Agriculture

UC Merced event showcases ag technology

University of California, Merced students Erwynn Rueda, right, and Jaimee Balansa , second from right, learn about an "AL3", a Phoenix Arial Systems drone from Jefferson Laird, left, during the 2016 Ag Tech Fair on the University of California, Merced campus in Merced, Calif., Wednesday, March 2, 2016. The drone is based on a DJI S1000, which uses lasers and an RGB camera to help measure geomorphic change.
University of California, Merced students Erwynn Rueda, right, and Jaimee Balansa , second from right, learn about an "AL3", a Phoenix Arial Systems drone from Jefferson Laird, left, during the 2016 Ag Tech Fair on the University of California, Merced campus in Merced, Calif., Wednesday, March 2, 2016. The drone is based on a DJI S1000, which uses lasers and an RGB camera to help measure geomorphic change. akuhn@mercedsunstar.com

Driverless vehicles might someday navigate downtown San Francisco, a researcher said Wednesday, so why not San Joaquin Valley orchards?

That idea – remote-guided rigs that carry cameras and other devices for monitoring crop health – was among several discussed at the Agricultural Technology Fair at the University of California, Merced.

“This is to me similar to what the farmer would see if he walked through his orchard row by row,” said Stefano Carpin, an associate engineering professor who studies robotics.

About 75 people turned out for the fair, which also was a chance for UC Merced students to talk with potential employers. They will graduate into a world where drones and satellites assess farm performance from above and where electronic devices keep track of soil moisture, nutrients in leaves and other aspects of farming.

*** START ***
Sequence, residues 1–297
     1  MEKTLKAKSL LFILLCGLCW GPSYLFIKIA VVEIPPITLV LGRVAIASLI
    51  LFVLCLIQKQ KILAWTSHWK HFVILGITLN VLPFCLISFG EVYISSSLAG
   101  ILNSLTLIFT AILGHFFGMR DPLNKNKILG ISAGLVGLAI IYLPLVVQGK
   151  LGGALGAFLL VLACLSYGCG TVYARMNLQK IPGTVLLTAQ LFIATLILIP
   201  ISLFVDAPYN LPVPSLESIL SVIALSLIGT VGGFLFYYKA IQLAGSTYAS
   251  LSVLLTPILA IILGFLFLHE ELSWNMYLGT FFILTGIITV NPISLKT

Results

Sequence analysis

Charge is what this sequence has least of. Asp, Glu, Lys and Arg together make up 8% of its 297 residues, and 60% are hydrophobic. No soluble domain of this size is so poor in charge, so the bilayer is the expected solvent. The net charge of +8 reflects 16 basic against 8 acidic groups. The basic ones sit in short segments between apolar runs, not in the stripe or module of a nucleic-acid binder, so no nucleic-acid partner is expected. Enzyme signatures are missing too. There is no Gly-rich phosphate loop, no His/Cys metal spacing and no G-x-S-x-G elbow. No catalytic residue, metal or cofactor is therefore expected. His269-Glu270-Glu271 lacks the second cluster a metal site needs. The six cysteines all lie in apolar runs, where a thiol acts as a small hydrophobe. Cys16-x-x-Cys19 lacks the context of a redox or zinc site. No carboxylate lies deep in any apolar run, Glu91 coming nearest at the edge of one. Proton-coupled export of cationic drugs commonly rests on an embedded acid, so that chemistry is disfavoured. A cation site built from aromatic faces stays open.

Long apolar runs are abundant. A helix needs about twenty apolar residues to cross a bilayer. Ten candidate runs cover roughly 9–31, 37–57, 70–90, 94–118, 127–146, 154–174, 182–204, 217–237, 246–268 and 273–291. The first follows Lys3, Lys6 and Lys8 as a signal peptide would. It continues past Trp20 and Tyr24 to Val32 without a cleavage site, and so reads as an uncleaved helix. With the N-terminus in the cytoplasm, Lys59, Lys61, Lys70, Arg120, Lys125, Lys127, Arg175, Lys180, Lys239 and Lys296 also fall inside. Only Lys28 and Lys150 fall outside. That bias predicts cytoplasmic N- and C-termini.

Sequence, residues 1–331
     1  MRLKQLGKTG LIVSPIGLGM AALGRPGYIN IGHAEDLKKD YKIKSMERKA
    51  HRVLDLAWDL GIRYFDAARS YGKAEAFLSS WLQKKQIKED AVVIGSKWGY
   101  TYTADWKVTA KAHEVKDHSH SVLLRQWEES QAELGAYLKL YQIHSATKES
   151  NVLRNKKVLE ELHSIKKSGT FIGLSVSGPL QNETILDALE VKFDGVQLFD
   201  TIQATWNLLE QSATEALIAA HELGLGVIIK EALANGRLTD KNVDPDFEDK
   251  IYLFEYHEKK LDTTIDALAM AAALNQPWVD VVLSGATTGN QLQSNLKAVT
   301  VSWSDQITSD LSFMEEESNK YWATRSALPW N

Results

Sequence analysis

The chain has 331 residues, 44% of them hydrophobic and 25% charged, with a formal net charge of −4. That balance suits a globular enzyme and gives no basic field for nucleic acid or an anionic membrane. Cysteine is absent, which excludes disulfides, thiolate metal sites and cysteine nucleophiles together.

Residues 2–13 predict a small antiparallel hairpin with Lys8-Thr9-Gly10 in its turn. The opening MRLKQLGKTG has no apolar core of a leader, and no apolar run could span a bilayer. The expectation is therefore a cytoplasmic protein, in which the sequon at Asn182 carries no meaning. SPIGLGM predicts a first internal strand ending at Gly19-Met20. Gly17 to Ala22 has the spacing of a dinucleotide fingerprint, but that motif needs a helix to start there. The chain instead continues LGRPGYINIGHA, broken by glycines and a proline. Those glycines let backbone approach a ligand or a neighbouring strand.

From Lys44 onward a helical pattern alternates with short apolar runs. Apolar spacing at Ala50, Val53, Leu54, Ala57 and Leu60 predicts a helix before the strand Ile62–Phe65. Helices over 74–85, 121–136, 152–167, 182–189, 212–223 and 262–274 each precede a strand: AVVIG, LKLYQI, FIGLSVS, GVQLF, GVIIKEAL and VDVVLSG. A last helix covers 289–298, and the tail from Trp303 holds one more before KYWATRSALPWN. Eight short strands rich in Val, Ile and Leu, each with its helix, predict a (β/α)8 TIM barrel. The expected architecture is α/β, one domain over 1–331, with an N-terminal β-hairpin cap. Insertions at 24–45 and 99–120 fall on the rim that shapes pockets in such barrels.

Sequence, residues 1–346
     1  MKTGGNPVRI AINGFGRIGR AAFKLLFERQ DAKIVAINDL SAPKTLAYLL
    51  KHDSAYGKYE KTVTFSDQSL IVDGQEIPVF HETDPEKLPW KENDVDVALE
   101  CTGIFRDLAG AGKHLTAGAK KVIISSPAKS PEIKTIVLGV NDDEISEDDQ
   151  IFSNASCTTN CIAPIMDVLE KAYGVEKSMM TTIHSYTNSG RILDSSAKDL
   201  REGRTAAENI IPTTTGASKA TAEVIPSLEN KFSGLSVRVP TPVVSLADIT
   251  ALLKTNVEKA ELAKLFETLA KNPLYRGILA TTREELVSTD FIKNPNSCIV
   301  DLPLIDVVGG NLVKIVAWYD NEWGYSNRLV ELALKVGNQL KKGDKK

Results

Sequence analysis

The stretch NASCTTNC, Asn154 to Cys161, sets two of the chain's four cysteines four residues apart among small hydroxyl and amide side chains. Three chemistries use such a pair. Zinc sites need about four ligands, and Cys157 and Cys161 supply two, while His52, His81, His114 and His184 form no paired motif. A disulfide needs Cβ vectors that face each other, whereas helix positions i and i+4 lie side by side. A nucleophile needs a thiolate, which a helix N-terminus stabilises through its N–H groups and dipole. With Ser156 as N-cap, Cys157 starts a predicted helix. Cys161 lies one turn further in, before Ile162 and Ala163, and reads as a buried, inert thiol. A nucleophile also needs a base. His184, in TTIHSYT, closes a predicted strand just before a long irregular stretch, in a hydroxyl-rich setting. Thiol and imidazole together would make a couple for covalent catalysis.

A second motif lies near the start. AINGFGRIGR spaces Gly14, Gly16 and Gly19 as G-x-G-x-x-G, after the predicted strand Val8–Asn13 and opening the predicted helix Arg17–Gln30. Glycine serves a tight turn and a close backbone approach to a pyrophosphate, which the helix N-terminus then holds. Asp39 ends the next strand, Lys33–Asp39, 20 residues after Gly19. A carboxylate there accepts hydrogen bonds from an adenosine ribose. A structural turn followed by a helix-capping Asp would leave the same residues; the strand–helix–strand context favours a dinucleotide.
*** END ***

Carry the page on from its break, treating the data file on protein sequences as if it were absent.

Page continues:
A key need will be “data analytics” to make use of the crop information, said Seana Day Hull of Patterson, director of business development and strategy at AgTech Insight LLC, which is working to bring investors into the field. She also said technology can help reduce food waste, estimated at 40 percent between farm and table.

Precision agriculture is nothing but a big-data industry.

YangQuan Chen, associate professor

YangQuan Chen, another associate engineering professor, said drones have great potential if people follow safety rules for the small, unmanned aircraft. A “melon drone,” for example, looks for slow-growing parts of the patch so extra fertilizer can be applied there.

“Precision agriculture is nothing but a big-data industry,” Chen said, using a term that techies have coined to describe very large sets of information.

The Center for Information Technology Research in the Interest of Society hosted the fair with several co-sponsors as part of the university’s 2016 Research Week.

Ted Batkin, retired president of the Citrus Research Board in Visalia, talked about his new venture – treating irrigation water to reduce friction and hence power costs for delivery.

He told of past research efforts in the citrus industry, including detection of psyllids, a major pest. And he noted one that so far has fallen short – a mechanical means of harvesting the fruit. The device could detect when it was ripe, but the robotic hand just can’t pick it cleanly.

“All the juice dropped out,” Batkin said.

A third associate engineering professor, Alberto Cerpa, described his work on reducing water consumption by lawns, which he said cover more acreage than any irrigated crop in the nation. He tested sprinkler heads that can sense the moisture conditions around them and turn on only when needed. They save 23 percent over conventional systems and 12 percent over other advanced systems.

“I started with turf, but I would be interested to hear from the experts in other crops,” Cerpa said.

John Holland: 209-578-2385

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